You push items onto and pop them off of the top of the stack, regardless of how it is laid out in memory.

The stack terminology is intended to mirror a physical stack (of plates, in particular):

Stacks are often described by analogy to a spring-loaded stack of plates in a cafeteria. Clean plates are placed on top of the stack, pushing down any already there. When a plate is removed from the stack, the one below it pops up to become the new top (Wikipedia, Stack History)


As it pertains to exceptions, strictly speaking, an exception propagates down the stack, from the most recently called function to the least recently called function. But, when someone says "propagates up the stack," we understand what they mean. Whether it's up or down in their heads isn't as relevant as whether they ultimately mean "most recent" to "least recent" (or "in opposite order of invocation").

2 added 389 characters in body
source | link

You push items onto and pop them off of the top of the stack, regardless of how it is laid out in memory.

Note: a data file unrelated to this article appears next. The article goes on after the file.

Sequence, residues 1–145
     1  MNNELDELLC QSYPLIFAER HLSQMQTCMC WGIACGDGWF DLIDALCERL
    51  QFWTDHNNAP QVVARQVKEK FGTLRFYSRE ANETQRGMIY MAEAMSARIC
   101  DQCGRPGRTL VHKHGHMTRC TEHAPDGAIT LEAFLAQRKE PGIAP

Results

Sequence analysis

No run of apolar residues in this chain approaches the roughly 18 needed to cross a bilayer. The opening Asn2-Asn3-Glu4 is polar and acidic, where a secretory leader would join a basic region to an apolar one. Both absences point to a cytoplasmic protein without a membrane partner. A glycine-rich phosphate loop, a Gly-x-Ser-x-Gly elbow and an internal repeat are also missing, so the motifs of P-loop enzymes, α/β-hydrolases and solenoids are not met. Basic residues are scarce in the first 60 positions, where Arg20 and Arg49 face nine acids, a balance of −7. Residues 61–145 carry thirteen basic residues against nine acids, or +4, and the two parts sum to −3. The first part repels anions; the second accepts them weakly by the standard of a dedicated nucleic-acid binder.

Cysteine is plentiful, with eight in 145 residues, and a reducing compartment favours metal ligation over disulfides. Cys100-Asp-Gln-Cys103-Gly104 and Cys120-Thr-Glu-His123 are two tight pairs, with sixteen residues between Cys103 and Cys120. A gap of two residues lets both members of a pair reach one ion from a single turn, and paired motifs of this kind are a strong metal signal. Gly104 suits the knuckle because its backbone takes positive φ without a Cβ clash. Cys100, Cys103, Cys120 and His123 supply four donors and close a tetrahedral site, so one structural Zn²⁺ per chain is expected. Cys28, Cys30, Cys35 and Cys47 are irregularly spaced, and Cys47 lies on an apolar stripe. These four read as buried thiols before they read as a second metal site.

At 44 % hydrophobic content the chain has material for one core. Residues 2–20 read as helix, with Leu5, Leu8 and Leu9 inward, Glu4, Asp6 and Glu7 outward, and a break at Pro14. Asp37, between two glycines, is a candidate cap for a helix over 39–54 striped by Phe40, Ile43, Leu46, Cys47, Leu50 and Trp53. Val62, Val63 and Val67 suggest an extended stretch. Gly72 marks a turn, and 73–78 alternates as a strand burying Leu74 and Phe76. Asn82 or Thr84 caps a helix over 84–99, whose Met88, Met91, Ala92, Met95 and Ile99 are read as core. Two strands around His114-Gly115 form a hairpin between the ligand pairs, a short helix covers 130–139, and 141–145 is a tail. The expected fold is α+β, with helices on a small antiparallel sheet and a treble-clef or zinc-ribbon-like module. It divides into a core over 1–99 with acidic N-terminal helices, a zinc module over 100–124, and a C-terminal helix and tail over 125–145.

The stack terminology is intended to mirror a physical stack. You can't very easily manage a physical stack from the bottom.


Strictly speaking, an exception propagates down the stack, from the most recently called function to the least recently called function. But, when someone says "propagates up the stack," we understand what they mean. Whether it's up or down in their heads isn't as relevant as whether they ultimately mean "most recent" to "least recent" (or "in opposite order of invocation").

You push items onto and pop them off of the top of the stack, regardless of how it is laid out in memory.

You push items onto and pop them off of the top of the stack, regardless of how it is laid out in memory.

The stack terminology is intended to mirror a physical stack. You can't very easily manage a physical stack from the bottom.


Strictly speaking, an exception propagates down the stack, from the most recently called function to the least recently called function. But, when someone says "propagates up the stack," we understand what they mean. Whether it's up or down in their heads isn't as relevant as whether they ultimately mean "most recent" to "least recent" (or "in opposite order of invocation").

1
source | link